Secret Wealth Abroad
Sunny • onDid You Know 10 years ago • 4 min read

Secret wealth abroad

Switzerland has been accused of giving shelter to black money and there has been a lot of inflow of such wealth from India and other countries of the world.”

This is not L K Advani, on election mode, speaking last Sunday, but the Swiss ambassador to India briefing the media in Delhi last year.

The occasion was the 60th anniversary of Indo-Swiss Friendship Treaty. Admitting that Indian black money gets hoarded in his country, he added that the new law in Switzerland would, not stop it, but control it “up to a certain limit”.

The Swiss diplomat authentically answers the first of the FAQs, that is, whether a lot of Indian money is really stashed away in Swiss banks.

Swiss banks are not the only secret destination. There are 37 such shelters in the world, says US Inland Revenue. The secret owners of the secreted monies operate in secrecy — venal businessmen, corrupt politicians, public servants, drug lords, and criminal gangs like the D-company.

The slush monies are the financial RDX for terror, besides weapons of mass destruction of national and global finance. That there is secret money is no more a secret. Only the amounts and persons are secret.

But how much of India’s stolen wealth could be stashed in Switzerland? Specific estimates of this later. Before that, here is a sideshow, but a relevant one.

Illicit money is the dirty outcome of modern capitalism. But, after 9/11, the US realised that not just the buccaneers in business, but Osama bin Laden could also hide his funds in secret havens and use them to bomb the world.

Campaigns against dirty money as high security risk commenced with the path-breaking research done by Raymond W Baker, a Harvard MBA and a Brookings scholar.

He published his research as a book Capitalism’s Achilles Heel: Dirty Money and How to Renew the Free- Market System. The book was published in 2005. This set off intense debate in the US as the exposure linked dirty business and dirty money with terror and national security.

Raymond Baker had estimated, using authentic data, tools and reasons, the dirty wealth secreted in banks at $11.5 trillion to which, he found, one more trillion was being added annually. He added that in the process the West was getting an nnual bounty of $500 billion from the developing countries, India included.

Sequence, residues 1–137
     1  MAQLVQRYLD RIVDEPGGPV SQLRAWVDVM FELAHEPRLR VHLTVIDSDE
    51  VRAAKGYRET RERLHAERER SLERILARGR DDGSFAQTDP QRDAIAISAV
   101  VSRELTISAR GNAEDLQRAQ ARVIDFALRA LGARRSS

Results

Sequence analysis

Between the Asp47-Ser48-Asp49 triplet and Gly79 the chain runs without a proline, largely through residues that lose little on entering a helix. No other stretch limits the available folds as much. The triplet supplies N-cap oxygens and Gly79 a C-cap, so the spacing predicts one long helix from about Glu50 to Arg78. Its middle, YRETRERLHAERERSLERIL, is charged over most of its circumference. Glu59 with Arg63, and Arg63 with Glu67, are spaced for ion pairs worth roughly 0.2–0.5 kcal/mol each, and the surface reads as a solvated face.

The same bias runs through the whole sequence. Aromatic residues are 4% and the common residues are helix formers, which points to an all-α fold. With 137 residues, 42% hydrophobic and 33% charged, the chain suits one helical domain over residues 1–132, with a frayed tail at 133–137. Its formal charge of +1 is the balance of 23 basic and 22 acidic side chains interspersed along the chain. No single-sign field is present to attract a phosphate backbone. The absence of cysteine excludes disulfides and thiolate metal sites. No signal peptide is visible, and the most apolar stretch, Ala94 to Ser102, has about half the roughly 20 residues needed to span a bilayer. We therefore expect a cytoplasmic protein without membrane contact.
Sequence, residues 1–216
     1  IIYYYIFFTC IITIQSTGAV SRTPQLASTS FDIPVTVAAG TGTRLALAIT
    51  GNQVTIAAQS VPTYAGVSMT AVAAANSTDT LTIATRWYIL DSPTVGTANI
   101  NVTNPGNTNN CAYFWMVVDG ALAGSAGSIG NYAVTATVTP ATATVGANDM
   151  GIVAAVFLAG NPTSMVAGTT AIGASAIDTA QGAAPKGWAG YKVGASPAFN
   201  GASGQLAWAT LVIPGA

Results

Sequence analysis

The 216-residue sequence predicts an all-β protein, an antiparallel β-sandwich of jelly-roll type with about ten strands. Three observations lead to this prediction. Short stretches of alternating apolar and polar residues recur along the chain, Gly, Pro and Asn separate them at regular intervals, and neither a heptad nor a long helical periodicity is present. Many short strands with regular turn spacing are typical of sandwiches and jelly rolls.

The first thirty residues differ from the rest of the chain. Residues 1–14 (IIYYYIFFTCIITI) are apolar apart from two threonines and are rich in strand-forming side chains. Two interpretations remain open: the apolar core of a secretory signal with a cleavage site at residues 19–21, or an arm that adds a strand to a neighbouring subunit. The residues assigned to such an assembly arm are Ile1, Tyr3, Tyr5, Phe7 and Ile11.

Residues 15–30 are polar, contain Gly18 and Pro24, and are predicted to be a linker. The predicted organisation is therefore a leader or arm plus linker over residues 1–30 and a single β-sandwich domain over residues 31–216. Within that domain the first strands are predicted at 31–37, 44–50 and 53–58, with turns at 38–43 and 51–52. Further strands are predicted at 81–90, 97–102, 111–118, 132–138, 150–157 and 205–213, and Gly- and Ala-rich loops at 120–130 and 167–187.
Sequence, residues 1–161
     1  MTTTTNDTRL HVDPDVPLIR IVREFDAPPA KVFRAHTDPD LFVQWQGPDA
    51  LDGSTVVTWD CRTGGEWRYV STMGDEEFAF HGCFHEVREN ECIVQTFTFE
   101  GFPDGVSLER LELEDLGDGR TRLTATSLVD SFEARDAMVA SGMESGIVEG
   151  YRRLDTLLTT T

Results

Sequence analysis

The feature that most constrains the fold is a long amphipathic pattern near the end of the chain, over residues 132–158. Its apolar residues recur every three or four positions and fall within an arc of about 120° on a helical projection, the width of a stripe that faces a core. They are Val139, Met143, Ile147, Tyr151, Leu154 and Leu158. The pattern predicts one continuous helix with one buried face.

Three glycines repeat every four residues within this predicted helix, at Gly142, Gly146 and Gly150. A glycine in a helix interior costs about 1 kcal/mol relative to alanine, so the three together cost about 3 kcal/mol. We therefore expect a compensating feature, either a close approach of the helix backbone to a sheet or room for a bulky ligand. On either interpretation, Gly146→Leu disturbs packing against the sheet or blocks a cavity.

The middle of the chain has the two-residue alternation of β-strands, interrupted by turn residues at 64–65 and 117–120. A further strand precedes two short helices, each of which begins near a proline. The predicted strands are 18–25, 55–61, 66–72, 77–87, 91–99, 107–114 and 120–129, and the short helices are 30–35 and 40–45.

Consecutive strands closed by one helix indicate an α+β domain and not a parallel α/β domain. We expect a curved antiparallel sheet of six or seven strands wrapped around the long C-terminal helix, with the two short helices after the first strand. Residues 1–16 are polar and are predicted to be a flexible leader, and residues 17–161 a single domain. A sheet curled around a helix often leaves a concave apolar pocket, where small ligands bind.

Global Financial Integrity (GFI), a global watchdog headed by Baker to curtail illicit money flows, has recently brought out detailed estimates of the black wealth hoarded in secret havens from different countries. GFI research shows that during the period 2002 to 2006, annually $27.3 billion was stashed away from India, making a total of $137.5 billion for the five-year period.

That is, in just five years, Indian wealth amounting to Rs 6.88 lakh crore has been smuggled out of India.

This gives a clue as to how much Indian money would have slipped out of India in the last 62 years, particularly during the Nehruvian socialist regime when the income tax (97.5 per cent) and wealth tax (almost equal to the income earned on investments)together constituted double the income earned.

It is undisputed that the Nehruvian socialist model forced huge sums out of India. So the amount of Indian black wealth secreted away in the last 60 years — estimated at from $500 billion (Rs 25 lakh crore) to $1400 billion (Rs 70 lakh crore) — does not seem to be wide off the mark.

Economists call it flight of capital. This is the people’s money stolen from them.

See the consequence even if part of it is brought back. A portion of it would make India free from all external debts which is now over $220 billion;

India will transform into an economic superpower; some 10 or 15 Indian rupees could buy a US dollar which today 50 Indian rupees cannot; a litre of petrol on our roadside would cost Rs 15 or even less, against today’s 50 plus; the cost of imports in rupee terms would be down to a third or half; India’s entire infrastructure needs can be funded; India will become so energy efficient and costcompetitive that exporters may need no sops at all; India will lend to — not, as it does now, borrow from — the world;

Indian housing can be funded at affordable cost; rural poverty can be wiped out... The list is endless. But, then, is it possible to bring back the secreted monies?

India

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